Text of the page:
An Instagram photo shows a spaced-out, Cinco-de-Mayo patio at Cafe Ole Wednesday.
Three days into Shelby County’s Back to Business plan, local officials said they’ve not had an increased uptick in calls to police or code enforcement for infractions to social distancing rules.
County retail shops and restaurants were allowed to open on a limited basis Monday. Many of our readers told us in a weekend poll that they wouldn’t rush to restaurants
right away. However, Wednesday’s clear, warm weather came during the annual Cinco de Mayo celebration.
Even with that, city of Memphis Chief Operating Officer Doug McGowen said Mayor Jim Strickland and his adminstration have seen “broad-ranging compliance” with the Safer At Home order and, then, the Back to Business plan.
“Business owners are working so hard under that framework,” McGowen said, during the daily press briefing of the Shelby County COVID-19 Task Force. “It’s not easy. But those businesses and patrons of those businesses are complying in large measure.”
However, photos have circulated on social media that showed restaurants allegedly not adhering to the stipulations of the order. McGowen said a restaurant surge was expected Wednesday as the weather was coupled with the holiday. But he said there will be “outliers” in the process and stressed that most infractions of the order are part of a “learning process.”
“Many people just have not understood all the limits of the protocols,” he said. “We share information first and, then, if we see a lack of compliance [follow up with more direct interventions].”
Alisa Haushalter, director of the Shelby County Health Department, said her agency has not received many complaints about companies not adhering to the rules. Mostly, the agency gets questions from companies “about how to most effectively keep employees and customers safe.”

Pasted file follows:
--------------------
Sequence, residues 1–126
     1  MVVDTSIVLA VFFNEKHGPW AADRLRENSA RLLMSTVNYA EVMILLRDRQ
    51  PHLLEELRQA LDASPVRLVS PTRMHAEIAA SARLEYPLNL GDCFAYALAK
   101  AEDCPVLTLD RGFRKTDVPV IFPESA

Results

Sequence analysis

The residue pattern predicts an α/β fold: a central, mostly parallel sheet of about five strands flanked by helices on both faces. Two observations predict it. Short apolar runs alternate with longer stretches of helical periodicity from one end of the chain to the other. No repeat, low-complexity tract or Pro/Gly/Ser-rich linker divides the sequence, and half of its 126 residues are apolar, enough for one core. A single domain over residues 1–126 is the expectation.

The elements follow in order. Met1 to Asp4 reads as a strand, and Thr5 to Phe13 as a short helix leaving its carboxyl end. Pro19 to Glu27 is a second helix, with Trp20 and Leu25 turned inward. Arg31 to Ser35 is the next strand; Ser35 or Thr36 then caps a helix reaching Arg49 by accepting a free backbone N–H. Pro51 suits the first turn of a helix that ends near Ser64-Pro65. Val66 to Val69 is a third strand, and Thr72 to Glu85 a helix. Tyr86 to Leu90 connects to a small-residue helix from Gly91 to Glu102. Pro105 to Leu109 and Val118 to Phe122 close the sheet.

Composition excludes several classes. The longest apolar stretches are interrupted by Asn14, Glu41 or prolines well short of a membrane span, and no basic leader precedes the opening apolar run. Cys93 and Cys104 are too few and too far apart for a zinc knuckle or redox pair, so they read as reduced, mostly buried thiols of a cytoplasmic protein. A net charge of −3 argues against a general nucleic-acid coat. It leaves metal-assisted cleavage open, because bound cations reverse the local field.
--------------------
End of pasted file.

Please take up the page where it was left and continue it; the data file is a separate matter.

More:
“The majority of employers want to do what’s right for their employees and their clientele,” Haushalter said during Wednesday briefing.
The briefing came as the county recorded its lowest amount of new cases in several weeks. The 613 tests given Tuesday yielded only 26 new coronavirus cases. This put the positivity test rating at around 4 percent.
More businesses will be allowed to open (and now-open businesses may be able to add capacity) if the new case rate begins to fall or remains somewhat steady. This metric and others will determine if the county will be bale to enter that second phase of Back to Business.
“We can really continue to mitigate [COVID-19] in our community and keep transmissions down and get back to business all at the same time if we keep on adhering to social distancing,” Haushalter said.
McGowen agreed, saying this “is no time to let our guards down.”